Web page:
Why Salt a Rabbit’s Tail?

Rabbit, the meat which used to be cheap and disregarded (aside from 4-H’ers, hungry country people who needed to stretch their food budget, and recent immigrants)  is now claiming a new face and a new-found fame on the tables of the dining elite. Rabbit recipes are popping up everywhere, and the price tag of the meat is climbing up right alongside them.

Though considered a ‘game’ meat, even hunters generally prefer to aim their guns at larger things, or more elegant things, it seems. Deer and ducks are drooled over more than the humble rabbit as prey to gloat over out in the ‘wild’ where hunting licenses have to be paid for before the trigger is pulled with hopefully accurate aim.

The postcard above notes that salting a rabbit’s tail is helpful to the would-be hunter. One has to wonder why. Is it for pre-seasoning? Does the rabbit become confused and want to lick its tail, therefore twirling around in stable circles so that the hunter can quickly clip off that shot and be done with it? Does the salt leave a trail more easily followed? I set out to find out. It wasn’t easy. But finally I found the answer, and will give you the link so that you too can share in this wisdom.

The postcard itself is dated December 3, 1911. And here is what our sender writes:

Excuse me fore not writing You know about the job sooner Well it is about the same as McCalls Ferry some can get jobs and some cant they hire and fire a man the same day all of us stands a good chance of getting a job. Wm. Lungren

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6 thoughts on “Why Salt a Rabbit’s Tail?

  1. First I love the new look, sorry I haven’t been here for a few days but I do read from the feed. Love this postcard. Just yesterday my teenaged son said he wants to raise rabbits so he can release them, hunt them and eat them! Yikes. I am ok with hunting but not the raising part. We would get attached. I can say that I have never had rabbit. I wonder what it really tastes like.

  2. rabbit is still a popular meat in crete – hare is the most prized of all; my husband manages to bring one into the house (dead) once a year

  3. I too must say Karen, the new look is most becoming:)

    I’ve actually had rabbit on more than one occasion, although not in the last few years. I guess you could say, I caught my own dinner. I once was an avid hunter. Mostly upstate New York. I’ve heard people say rabbit tastes like chicken but I don’t think so….

    Love the postcard and the commentary! Thanks for sharing…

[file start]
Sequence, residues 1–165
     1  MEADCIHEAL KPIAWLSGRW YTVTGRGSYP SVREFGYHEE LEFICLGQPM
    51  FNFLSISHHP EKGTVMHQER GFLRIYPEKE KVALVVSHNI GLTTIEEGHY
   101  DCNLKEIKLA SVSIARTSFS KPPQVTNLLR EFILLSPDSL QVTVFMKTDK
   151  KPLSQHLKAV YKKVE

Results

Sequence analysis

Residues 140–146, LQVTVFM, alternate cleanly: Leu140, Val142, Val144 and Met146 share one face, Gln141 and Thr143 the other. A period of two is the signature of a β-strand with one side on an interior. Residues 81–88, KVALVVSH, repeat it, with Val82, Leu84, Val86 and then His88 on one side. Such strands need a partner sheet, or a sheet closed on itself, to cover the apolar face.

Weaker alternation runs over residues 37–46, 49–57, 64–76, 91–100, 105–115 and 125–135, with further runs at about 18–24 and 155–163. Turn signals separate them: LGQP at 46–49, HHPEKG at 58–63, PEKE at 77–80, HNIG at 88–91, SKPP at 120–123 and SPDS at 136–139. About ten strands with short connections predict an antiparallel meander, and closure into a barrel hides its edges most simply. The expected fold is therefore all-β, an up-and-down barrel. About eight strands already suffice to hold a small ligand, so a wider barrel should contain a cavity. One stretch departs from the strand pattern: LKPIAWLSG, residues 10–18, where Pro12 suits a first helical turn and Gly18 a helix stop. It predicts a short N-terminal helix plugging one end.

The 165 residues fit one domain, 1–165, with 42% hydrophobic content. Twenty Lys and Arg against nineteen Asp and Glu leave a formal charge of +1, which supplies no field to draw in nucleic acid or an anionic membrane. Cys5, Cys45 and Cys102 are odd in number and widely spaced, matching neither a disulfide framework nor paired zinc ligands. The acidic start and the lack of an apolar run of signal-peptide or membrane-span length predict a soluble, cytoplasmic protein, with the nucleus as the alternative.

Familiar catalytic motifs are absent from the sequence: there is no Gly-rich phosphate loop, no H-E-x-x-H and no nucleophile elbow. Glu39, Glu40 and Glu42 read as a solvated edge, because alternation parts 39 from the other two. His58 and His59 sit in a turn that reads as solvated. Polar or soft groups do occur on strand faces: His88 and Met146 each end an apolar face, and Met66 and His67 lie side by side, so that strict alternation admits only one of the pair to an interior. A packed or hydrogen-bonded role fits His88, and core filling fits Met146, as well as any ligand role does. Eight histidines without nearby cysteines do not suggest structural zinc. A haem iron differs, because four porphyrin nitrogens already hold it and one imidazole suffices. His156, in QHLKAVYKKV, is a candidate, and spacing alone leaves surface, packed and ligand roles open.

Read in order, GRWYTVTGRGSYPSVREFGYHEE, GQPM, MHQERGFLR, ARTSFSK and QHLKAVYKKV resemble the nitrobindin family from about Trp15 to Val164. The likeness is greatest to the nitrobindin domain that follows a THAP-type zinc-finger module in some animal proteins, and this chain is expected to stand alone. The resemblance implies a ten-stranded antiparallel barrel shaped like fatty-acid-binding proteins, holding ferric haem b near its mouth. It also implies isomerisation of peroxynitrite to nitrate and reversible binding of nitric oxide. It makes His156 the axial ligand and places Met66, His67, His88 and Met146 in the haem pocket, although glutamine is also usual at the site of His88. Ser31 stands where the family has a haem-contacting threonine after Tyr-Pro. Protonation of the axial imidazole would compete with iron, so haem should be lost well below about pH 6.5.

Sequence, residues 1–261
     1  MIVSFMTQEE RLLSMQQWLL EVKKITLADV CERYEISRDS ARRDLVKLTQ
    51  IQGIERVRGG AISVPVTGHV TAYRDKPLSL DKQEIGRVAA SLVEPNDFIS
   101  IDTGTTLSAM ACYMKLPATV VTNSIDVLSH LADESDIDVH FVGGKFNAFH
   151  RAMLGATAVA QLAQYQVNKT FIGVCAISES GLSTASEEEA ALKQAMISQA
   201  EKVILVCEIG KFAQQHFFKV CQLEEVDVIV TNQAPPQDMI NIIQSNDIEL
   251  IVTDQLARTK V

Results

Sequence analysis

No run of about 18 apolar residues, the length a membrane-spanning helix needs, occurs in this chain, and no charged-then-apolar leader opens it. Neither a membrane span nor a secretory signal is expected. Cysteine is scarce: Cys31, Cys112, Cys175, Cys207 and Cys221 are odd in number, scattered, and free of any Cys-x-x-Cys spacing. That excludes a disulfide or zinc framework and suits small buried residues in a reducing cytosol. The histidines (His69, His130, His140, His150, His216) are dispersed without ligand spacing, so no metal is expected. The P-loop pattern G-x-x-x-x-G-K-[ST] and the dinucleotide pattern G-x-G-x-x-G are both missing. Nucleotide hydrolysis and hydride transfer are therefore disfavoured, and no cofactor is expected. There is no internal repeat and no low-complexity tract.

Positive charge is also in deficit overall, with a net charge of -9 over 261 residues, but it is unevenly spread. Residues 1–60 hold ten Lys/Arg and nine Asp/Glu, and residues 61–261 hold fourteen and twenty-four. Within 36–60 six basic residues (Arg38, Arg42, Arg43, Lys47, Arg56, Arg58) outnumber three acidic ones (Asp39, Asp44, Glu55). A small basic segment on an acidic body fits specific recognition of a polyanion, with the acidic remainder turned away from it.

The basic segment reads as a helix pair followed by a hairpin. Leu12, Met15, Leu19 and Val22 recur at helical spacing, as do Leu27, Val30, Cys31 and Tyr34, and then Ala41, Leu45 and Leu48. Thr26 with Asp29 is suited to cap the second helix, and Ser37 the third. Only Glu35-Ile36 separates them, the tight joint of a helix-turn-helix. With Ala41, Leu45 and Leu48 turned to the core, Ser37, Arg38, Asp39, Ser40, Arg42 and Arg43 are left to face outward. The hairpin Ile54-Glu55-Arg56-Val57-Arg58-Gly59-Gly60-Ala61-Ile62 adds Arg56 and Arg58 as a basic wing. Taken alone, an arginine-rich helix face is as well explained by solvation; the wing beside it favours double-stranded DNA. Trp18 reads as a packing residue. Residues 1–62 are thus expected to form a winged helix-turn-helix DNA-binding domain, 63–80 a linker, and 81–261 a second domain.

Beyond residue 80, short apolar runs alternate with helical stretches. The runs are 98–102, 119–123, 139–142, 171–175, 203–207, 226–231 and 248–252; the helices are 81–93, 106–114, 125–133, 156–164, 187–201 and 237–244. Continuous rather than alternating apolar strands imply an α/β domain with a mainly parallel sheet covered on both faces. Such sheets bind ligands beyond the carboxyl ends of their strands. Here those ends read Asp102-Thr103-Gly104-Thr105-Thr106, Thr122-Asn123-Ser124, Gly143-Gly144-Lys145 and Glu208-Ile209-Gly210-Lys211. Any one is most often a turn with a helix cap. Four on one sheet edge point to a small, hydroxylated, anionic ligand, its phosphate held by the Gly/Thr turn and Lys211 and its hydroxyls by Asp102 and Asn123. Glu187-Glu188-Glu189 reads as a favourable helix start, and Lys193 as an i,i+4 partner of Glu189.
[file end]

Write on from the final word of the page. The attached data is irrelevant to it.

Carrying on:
4. I’ll have to see if I can find rabbit around here, to cook – I rather doubt it. Maybe frozen. I was actually startled to be able to find the fresh whole salmon yesterday (which will be on the table today at the fb group). As I lifted it I thought how much fun it would have been to actually catch that big fish! I’m not sure I would really feel the same about hunting rabbit . . . it may be that I am more of a wimp than I would like to be . . . ! 😮

  5. This postcard — “Salted” So easy. Put salt on their tails. — must be one of the earliest postcards published by the North American Post Card Company (Kansas City, Missouri), since, per metropostcards.com, the company was founded in the year that the postcard was mailed: 1911. The same source states that many of the images that this company used were photographed by William H. Martin, and, although quite indistinct, it seems that that the text under the caption might be construed to read: Copyrighted Photograph by William H. Martin. This is an interesting example of an exaggeration postcard, since they are not often seen as RPPCs (Real Photo Post Cards). The exaggeration has been done quite professionally. In fact, it is hard to determine whether a shrunken image of a hunter has been superimposed on a close-up of a rabbit, or if an enlarged rabbit has been placed over a scene of a hunter. Perhaps a bit of both. Each rabbit track is about as large or even larger than the hunter’s foot!

    A quick comment, too, on the written text: Do you think that perhaps the word in the opening sentence is ‘letting’ rather than ‘writing’: “Excuse me fore not letting you know about the job sooner”?

    — Leo

    • Yes, to all points, Leo! I can see the last name ‘Martin’ fairly clearly, and now that you mention it of course it is ‘letting’. A closer look at the dates shows that the card was mailed March 15, 1911 – so it may be one of the very first postcards from the company . . . and I’m guessing the date written by Wm. Lungren was written in the European manner, meaning it was written the 12th day of March 1911.

      I love these exaggeration postcards! It was this type of card which originally attracted me to collecting. So amusing! 🙂

      These notes they write on the back – of searching for work . . . of the realities of the day at that time and place in history . . . so touching!!

      Thanks again for your helpful comments~

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